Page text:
Keywords: post-apartheid South Africa, generalized decompositions, income distribution, residential segregation
    JEL: J15 D31 R23
    Date: 2020–09
  7. By: Andreassen, Gøril Louise (School of Economics and Business, Norwegian University of Life Sciences); Rosendahl, Knut Einar (School of Economics and Business, Norwegian University of Life Sciences)
    Abstract: What factors determine whether it is optimal with one or more technologies in a decarbonized road transport sector, and what policies should governments choose? We investigate these questions theoretically and numerically through a static, partial equilibrium model for the road transport market. We find that two important factors that determine whether it will be and whether it should be one or more technologies are how close substitutes the two vehicle technologies are and the number of vehicles of the other technology. Our numerical results indicate that with two incompatible networks, two differentiated goods are optimal compared to only one if they are not too close substitutes. The first-best policy is a subsidy of the markup on charging and filling, where the markup is higher the higher the increased utility of more stations. In addition, to avoid an unwanted lock-in, a temporary stimulus may be needed to reach the stable equilibrium.
    Keywords: Indirect network effects; Decarbonization; Climate policy; Electric vehicles; Hydrogen vehicles
    JEL: H23 L14 L91 Q58
    Date: 2020–03–25
  8. By: Gräbner, Claudius; Hafele, Jakob
    Abstract: This paper investigates the emergence of polarisation patterns in the EU during the last 60 years from a structuralist and complexity economics perspective. Based on the results, feasible opportunities for EU policy-making, which aim to counteract a tendency of polarization, are delineated. The study comprises of a historical analysis of the politico-economic events during this time and a complementary quantitative analysis of the European trade network. The results suggest that trade in the Eurozone is unequal at the expense of the peripheries and follows a pattern of "unequal technological exchange". The paper also assesses the usefulness of country taxonomies such as 'cores' and 'peripheries' for identifying the roots of polarization patterns. While it generally affirms the relevance of structural dependencies, and confirms the epistemic usefulness of country taxonomies, it also highlights three challenges - the challenges of dynamics, of ambiguity and granularity - that any such taxonomy necessarily faces, and which must be dealt with explicitly in any structuralist analysis using such taxonomies.
    Date: 2020
  9. By: Sirianni, Antonio
    Abstract: The presence and value of systems of informal social control have been well-studied by sociologists and criminologists. While systems of informal control are by their very nature more decentralized and unorganized, can systems of informal social control come to resemble centralized systems of formal control? This article offers a highly detailed empirical analysis of a particular form of informal social control in a highly observable setting over time: fist-fighting in the National Hockey League. Fighting is commonly understood to be both an instrument of retaliatory “self-help” exercised by all players, but also the semi-exclusive domain of “enforcers” or “goons” who are employed by teams to physically retaliate on behalf of their opponents and deter violent play in others. A 52-year record of nearly 30,000 fist fights between players is analyzed alongside other player statistics. An analysis of the player distribution, network structure, and in-game contexts of these fights demonstrates a gradual shift from a system of self-help to a system of specialized enforcement. This shift is connected to larger changes in the size of the league and the talent pool, processes of specialization at the level of the team, and the emergence of an unofficial “enforcer” role that motivates participation in fights for certain players.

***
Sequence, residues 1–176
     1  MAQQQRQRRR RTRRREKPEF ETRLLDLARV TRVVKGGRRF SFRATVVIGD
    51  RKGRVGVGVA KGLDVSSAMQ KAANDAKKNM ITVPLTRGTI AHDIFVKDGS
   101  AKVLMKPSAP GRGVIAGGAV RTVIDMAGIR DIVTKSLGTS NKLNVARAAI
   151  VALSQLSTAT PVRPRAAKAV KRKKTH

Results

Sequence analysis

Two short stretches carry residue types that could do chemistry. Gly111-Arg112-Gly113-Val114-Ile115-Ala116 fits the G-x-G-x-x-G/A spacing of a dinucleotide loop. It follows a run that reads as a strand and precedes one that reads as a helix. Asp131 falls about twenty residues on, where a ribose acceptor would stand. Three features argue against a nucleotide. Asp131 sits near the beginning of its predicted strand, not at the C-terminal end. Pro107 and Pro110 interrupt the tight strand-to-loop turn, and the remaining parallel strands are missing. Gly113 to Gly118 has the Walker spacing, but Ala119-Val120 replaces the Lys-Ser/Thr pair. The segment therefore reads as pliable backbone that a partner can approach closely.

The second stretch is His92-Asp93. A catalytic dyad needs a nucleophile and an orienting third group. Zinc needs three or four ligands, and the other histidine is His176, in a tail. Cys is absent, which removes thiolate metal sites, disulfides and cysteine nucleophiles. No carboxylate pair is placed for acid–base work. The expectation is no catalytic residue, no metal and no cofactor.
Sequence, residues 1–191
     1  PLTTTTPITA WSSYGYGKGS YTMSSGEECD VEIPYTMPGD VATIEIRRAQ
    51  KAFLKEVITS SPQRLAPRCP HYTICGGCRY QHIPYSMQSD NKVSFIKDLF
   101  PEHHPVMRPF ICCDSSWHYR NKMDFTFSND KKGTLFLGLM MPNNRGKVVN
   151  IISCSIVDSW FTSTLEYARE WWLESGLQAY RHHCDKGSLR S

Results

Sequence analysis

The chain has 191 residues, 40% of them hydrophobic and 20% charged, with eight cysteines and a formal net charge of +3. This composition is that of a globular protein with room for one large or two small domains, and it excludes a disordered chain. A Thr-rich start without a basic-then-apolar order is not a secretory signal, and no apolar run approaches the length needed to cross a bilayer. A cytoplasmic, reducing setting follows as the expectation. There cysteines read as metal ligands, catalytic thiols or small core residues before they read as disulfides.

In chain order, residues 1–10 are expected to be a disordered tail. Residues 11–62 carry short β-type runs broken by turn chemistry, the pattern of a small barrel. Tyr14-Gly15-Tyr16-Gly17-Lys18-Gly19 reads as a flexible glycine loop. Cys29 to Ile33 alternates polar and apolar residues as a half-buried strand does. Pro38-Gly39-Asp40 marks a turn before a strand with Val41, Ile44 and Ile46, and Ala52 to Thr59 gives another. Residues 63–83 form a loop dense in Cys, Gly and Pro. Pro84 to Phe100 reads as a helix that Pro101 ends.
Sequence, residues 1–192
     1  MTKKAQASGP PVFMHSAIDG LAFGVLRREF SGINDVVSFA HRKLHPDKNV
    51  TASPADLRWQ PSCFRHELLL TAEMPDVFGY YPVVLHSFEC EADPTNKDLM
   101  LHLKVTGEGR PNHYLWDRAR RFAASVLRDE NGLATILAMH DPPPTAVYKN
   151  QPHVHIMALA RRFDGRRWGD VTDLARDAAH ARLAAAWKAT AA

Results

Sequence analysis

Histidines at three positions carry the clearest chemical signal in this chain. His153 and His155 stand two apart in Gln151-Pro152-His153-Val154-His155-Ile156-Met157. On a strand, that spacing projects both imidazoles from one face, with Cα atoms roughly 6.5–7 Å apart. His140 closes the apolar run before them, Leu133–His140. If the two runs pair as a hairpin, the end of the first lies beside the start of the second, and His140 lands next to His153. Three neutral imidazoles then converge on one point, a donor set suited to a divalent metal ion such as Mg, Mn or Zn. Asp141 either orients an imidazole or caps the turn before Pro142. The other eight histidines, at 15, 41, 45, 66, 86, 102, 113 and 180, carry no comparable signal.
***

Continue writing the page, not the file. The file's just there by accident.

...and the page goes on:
Date: 2019–02–22
  10. By: Maria Tsouri; ;
    Abstract: The proximity literature usually treats proximity in terms of common attributes shared by agents, disregarding the relative position of an actor inside the network. This paper discusses the importance of such dimension of proximity, labelled as in-network proximity, and proposes an empirical measurement for it, assessing its impact (jointly with other dimensions of proximity) on the creation of strong knowledge network ties in ICT in the region of Trentino. The findings show that actors with higher in-network proximity are more attractive for both other central actors and peripheral ones, which is further strengthening their position within the network.
    Keywords: knowledge networks, in-network proximity, strong ties, proximity dimensions
    Date: 2020–09